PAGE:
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vague111

vague111

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scared new nursing student

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  1. vague111

    Urgent! Case study of the child with a burn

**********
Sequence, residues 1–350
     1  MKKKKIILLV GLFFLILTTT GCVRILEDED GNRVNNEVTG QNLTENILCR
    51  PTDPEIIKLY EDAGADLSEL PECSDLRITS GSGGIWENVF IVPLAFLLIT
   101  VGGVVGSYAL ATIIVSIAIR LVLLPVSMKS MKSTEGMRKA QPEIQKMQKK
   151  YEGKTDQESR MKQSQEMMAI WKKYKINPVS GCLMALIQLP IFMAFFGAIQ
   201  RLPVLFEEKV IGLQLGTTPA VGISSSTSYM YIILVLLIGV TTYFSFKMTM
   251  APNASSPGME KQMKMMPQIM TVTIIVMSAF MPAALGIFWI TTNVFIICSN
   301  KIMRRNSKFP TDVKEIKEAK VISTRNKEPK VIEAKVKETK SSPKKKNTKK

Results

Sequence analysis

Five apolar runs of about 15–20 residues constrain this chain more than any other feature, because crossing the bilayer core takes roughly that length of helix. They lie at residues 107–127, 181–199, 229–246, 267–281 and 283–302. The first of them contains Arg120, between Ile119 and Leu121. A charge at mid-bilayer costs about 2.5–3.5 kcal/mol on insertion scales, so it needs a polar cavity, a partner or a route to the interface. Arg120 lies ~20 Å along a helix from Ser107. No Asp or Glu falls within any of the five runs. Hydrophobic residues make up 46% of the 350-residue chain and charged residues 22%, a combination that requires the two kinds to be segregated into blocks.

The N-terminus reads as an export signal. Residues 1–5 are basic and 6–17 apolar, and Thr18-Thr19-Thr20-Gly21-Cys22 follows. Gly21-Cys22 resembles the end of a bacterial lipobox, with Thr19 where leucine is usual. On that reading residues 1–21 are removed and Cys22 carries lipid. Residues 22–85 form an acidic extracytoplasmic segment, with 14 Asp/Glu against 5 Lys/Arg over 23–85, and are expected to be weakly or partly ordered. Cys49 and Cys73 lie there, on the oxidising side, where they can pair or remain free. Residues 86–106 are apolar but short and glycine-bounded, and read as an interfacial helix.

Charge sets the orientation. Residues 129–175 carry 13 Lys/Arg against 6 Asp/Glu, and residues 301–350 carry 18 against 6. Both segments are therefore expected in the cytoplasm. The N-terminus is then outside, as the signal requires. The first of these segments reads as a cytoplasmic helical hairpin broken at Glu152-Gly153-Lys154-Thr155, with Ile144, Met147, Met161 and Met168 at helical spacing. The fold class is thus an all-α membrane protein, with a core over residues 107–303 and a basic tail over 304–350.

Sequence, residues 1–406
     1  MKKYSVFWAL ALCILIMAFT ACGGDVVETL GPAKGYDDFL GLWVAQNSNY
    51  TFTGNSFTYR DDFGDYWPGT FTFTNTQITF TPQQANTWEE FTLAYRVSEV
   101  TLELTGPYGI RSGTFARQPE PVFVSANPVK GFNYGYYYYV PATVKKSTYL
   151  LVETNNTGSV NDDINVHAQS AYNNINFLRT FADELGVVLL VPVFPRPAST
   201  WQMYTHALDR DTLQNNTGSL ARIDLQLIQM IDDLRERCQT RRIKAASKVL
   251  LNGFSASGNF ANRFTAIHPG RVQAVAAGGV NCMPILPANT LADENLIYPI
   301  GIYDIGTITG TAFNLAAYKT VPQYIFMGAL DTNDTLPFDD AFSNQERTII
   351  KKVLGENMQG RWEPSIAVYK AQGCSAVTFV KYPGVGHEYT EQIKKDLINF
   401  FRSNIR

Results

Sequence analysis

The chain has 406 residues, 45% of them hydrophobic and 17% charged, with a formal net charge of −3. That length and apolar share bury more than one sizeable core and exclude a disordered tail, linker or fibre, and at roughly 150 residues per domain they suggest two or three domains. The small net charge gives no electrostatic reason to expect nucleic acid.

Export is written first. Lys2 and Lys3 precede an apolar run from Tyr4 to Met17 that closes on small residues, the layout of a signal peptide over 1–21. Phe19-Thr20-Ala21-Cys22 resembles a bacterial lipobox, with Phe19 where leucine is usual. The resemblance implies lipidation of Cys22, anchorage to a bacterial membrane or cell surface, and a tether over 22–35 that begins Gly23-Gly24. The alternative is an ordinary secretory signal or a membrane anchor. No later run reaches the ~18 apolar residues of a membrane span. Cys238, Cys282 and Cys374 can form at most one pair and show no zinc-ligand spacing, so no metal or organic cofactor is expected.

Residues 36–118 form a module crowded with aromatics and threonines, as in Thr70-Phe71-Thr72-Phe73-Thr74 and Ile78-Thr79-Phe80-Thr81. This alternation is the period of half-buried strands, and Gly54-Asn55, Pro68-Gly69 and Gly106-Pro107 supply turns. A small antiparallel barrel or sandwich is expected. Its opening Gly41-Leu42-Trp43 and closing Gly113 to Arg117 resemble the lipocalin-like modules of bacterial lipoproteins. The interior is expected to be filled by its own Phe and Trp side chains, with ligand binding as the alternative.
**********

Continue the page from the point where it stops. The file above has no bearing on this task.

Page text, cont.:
Can anybody give me more comments?
  2. vague111

    Urgent! Case study of the child with a burn

    Thank you for your contribution with your precious experience.